And the ambivalence continued as I headed into my local minimart for some liquid refreshment, where a customer that I quizzed about Indonesian independence informed me that, "We should remember our struggles for freedom, as there are those in the country today who are sowing the seeds of conflict, division and religious intolerance."

So there we have it. A small cross-section admittedly but clearly feelings of nationalism seem somewhat tinged by nervousness and uncertainty here in 2013, 68 years into the great Republic of Indonesia project. This is probably a reflection of an economic boom that is still masks weak and corrupt political institutions, underdeveloped human resources and infrastructure, persistent poverty and a poor education system. Whether the country will improve after next year's presidential election will depend on who is elected. Fingers crossed for 2014 folks.

A Quarter of a Million Flowers Bloom

I've been given the onerous task of composing this month's Afterthought and of offering up a Westerner's "perspective" on the state of the country as Independence Day rolls around for the sixty-eighth time. Why onerous? Because, like all attempts to pigeonhole people by their skin colour or geographical origin, I find the very concept to be flawed. I am a Westerner, granted, and have lived in this country for some years now, however my perceptions and conclusions have often differed from those espoused by other "bules" that I have met on my travels, and thus any concept of a Western perspective should be taken with a pinch of salt.

And surely the same thing applies to the notion of a unifying Indonesian perspective, as flags ascend poles and lip service is paid to freedom across the archipelago this month. Patriotism can be seen in this context as a flag being drawn over the real issues that matter to people here: inequality, social justice, women's rights, poverty, sectarian turmoil and a kleptocratic political elite who promulgate an agenda of so-called transnational “globalisation”, which essentially amounts to the world's powerful governments pushing trade deals and other accords down the throats of the people to make it easier for corporations and the wealthy to dominate the economies of nations around the globe without having obligations to the people of those nations. Far easier to salute the flag than to address that little lot.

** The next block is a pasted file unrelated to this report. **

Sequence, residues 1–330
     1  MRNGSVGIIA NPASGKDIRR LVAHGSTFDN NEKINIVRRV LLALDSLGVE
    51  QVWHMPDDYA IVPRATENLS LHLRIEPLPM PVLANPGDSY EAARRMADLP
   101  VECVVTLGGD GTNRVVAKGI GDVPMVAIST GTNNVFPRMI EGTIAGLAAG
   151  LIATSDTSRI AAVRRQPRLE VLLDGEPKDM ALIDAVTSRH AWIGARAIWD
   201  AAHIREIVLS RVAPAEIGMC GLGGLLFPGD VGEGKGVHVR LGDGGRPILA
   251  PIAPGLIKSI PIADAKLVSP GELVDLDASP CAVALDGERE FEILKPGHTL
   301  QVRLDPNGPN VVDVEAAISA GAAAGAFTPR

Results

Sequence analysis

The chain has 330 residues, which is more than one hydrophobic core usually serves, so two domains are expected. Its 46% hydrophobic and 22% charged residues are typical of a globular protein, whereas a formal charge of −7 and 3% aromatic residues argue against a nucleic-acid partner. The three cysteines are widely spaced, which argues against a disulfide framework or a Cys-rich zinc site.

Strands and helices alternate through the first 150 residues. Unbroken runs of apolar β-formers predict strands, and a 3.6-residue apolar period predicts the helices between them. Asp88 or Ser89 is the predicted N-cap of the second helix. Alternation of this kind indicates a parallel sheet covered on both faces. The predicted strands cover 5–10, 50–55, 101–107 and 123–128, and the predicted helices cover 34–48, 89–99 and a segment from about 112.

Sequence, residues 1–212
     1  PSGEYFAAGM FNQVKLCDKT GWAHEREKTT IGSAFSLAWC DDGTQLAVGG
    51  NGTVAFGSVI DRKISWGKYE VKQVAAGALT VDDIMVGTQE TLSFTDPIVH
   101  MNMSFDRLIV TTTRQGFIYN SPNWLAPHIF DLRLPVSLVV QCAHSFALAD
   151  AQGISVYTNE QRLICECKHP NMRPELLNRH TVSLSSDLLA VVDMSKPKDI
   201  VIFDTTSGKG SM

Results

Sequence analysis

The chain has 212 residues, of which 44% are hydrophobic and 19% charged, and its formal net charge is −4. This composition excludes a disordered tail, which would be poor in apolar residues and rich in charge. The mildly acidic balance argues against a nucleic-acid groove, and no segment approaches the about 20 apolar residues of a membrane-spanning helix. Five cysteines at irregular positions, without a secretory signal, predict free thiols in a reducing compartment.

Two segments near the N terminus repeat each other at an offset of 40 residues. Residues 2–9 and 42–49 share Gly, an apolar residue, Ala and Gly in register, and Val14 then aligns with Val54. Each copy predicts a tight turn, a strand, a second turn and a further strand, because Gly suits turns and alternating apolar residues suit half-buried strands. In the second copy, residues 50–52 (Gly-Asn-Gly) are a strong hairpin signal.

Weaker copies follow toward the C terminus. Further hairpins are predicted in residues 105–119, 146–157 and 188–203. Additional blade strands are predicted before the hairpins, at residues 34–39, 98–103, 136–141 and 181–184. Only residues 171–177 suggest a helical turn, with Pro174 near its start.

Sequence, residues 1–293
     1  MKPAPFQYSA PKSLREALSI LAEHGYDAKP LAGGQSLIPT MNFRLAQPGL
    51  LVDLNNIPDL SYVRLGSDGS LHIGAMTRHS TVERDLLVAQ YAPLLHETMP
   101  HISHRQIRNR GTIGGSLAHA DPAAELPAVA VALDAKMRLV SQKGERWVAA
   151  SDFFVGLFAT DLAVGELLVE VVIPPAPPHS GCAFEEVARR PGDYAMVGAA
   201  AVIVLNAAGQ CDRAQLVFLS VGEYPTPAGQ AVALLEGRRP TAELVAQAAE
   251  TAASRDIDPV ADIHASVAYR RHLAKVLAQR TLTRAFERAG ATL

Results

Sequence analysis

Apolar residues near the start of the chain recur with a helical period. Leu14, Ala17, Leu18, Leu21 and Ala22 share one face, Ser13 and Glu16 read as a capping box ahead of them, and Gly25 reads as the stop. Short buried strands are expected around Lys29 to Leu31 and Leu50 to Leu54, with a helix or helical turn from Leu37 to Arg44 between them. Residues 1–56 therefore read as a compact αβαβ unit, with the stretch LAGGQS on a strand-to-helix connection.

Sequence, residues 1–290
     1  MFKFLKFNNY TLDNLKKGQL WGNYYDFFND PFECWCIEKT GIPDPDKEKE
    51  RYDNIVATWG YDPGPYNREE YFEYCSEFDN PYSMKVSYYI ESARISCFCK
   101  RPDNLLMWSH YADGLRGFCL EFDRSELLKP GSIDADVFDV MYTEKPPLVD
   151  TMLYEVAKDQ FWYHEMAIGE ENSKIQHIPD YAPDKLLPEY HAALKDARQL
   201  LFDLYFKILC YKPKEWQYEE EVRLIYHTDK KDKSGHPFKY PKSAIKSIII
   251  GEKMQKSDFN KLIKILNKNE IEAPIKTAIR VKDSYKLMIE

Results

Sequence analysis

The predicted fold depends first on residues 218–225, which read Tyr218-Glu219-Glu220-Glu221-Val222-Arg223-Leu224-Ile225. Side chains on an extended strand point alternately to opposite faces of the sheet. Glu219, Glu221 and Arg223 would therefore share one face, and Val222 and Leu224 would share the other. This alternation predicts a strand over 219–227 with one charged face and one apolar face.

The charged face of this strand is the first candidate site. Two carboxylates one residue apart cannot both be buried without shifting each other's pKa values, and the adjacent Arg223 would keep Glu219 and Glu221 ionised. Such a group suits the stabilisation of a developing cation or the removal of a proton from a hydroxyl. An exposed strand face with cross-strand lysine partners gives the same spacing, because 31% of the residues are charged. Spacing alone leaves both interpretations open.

Proud to be Indonesian or American or Chinese on a priori grounds? Well being born in a certain country isn't a skill, it's a genetic accident. As the legendary George Carlin explains, "You wouldn't be proud of having a predisposition for colon cancer." Far better that people take pride in things that they've actually done and of how they comport themselves in a moral way.

Such knee-jerk nationalism is propagated all over the world though. Even in America, for example, the so-called “Land of the Free”, the term anti-American is often bandied about willy-nilly. This is a very odd category indeed to be pressing into service in a supposedly democratic country which embraces the concept of free speech, and is basically a phrase that is totalitarian in nature. I mean, the Soviet Union had a concept of anti-Sovietism, while the fascist Brazilian generals in the 1970s had a notion of anti-Brazilianism, through which they terrorised the population into marching in lockstep. But try going to Sweden and talking of anti-Swedenism. People will laugh at you.

The primary goal of such my-country-right-or-wrong rhetoric is to divert people away from pressing their demands in the political arena and from gaining a deeper understanding of how political power can change and how it affects their lives. And indeed it does change. Indonesia's first president, Soekarno, alongside colleagues such as Mohammad Hatta and Sutan Sjahrir, were the men primarily responsible for declaring Indonesia’s independence in the first place, and they offered a political blend of Islamic-tinged socialism that differs wildly from the Indonesia of today.

Espouse the ideas of these founding fathers at any point since the CIA-backed rise to power of Suharto through to the present though and you're more likely to feel the jackboots of the organisations examined in Joshua Oppenheimer's Oscar-tipped "The Act of Killing" on your throat. So what does it then mean to be a patriotic Indonesian? Social justice? Democracy? These values are indeed enshrined in the country's "five moral principles" of Pancasila, principles that people still learn by rote in the country’s schools to this day. Simply waving flags once a year will not help to strengthen values such as these though, values which are, in fact, truly universal.